Publishers, show us how fun a game is, show us how beautiful video games can be, show us you have some respect for your customers and your staff.

Or at the very least, show us some digital cock too.   read

3:41 AM on 08.24.2011

gamescom 2011 or: How I Learned To Stop Worrying And Love Room 414

Monday the 15th of August 2011, roughly 6PM. I arrived at the home of Hollie Bennett and Daniel Seto with two large suitcases, packed but in no way prepared for the week that would follow. We were bound for Köln, Germany, to visit and report on gamescom 2011, the world's larget video games trade fair.

Hollie Bennett and Daniel Seto, of BritToid fame, get some hands-on time with Mario Kart 7 for the Nintendo 3DS

By now you've undoubtably seen the many videos and articles that we've produced for Destructoid's front page over the last week or so. If you haven't then go look at them now; there's links to them at the bottom of this blog post as well as throughout. As such I'm not going to talk about the games we saw and played. There's no further insight I could offer into what to expect from The Elder Scrolls V: Skyrim than our video interview already provides; I'm not going to tell you how Lollipop Chainsaw looked when there's a preview of it already on the site. If, however, you would like to indulge me as I ramble about why going to gamescom with Dtoid EU is the best decision you could make, read on.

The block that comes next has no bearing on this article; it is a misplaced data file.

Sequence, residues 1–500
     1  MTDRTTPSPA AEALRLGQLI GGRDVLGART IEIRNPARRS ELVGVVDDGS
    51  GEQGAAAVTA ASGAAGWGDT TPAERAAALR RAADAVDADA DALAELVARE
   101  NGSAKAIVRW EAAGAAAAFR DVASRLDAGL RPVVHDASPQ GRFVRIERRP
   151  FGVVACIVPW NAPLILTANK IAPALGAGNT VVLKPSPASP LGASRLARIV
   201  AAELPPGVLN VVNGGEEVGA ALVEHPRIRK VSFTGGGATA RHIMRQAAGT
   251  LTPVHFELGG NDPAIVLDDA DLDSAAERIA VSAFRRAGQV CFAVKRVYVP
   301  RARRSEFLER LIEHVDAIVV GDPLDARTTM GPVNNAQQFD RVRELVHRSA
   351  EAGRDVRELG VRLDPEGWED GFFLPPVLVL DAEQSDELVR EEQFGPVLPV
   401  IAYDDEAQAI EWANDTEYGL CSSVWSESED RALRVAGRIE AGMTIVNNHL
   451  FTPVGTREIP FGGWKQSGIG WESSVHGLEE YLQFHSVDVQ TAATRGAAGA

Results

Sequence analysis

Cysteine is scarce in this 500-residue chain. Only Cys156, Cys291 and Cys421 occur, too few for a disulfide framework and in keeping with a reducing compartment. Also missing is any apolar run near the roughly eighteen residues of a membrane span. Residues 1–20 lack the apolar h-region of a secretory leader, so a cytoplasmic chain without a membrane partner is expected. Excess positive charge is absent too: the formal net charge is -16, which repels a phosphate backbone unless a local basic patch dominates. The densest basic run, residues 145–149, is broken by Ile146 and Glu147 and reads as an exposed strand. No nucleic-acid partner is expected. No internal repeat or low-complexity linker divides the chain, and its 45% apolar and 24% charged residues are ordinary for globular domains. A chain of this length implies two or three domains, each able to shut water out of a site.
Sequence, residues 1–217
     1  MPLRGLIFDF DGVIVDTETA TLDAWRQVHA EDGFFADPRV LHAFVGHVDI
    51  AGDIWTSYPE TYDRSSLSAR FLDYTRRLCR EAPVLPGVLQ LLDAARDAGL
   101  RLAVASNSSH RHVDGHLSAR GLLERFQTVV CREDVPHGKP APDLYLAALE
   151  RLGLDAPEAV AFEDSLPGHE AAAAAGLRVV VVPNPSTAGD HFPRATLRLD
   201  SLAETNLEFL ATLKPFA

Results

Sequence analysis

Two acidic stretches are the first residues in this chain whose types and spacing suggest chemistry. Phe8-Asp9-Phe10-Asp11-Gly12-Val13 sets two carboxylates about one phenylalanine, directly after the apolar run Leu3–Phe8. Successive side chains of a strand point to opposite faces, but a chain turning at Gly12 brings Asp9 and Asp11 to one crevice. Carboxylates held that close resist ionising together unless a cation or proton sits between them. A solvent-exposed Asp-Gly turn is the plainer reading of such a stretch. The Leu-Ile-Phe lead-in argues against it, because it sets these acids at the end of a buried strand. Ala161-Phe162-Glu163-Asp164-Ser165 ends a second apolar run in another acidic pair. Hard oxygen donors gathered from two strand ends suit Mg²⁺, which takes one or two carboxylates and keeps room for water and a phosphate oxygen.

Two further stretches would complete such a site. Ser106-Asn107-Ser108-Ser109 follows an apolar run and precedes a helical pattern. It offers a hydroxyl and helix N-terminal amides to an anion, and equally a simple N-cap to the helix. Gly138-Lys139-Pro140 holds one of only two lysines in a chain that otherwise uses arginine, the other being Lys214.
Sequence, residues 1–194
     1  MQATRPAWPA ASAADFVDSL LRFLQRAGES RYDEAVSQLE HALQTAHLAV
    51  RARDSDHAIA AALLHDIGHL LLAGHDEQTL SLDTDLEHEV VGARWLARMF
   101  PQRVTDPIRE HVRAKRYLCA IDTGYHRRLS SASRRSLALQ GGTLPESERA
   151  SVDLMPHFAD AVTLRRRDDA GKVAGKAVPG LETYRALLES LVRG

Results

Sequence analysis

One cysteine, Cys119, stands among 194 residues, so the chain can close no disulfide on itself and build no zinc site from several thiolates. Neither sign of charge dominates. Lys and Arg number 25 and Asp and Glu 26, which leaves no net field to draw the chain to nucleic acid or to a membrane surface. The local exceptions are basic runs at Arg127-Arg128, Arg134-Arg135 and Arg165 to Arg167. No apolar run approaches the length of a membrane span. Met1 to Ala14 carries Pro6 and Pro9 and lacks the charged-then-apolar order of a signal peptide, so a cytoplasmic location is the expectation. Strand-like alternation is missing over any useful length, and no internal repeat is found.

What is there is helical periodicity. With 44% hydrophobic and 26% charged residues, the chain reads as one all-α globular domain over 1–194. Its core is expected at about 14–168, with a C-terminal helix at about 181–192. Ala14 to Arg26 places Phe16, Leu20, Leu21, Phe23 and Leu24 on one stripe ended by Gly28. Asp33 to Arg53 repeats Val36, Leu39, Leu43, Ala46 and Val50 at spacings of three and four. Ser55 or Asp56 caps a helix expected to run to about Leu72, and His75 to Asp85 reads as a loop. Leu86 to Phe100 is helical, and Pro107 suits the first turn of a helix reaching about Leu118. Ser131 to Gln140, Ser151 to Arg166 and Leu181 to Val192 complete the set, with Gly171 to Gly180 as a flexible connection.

Publishers gave out tons of goodies to the public all week

The Community

If I have to tell you why the Destructoid community as a whole is so good then you must be very new here. It takes all of five minutes to work out that this is probably the best collection of video game fanatics in the world. What may not be quite so obvious at first glance is how great the European portion of the community is.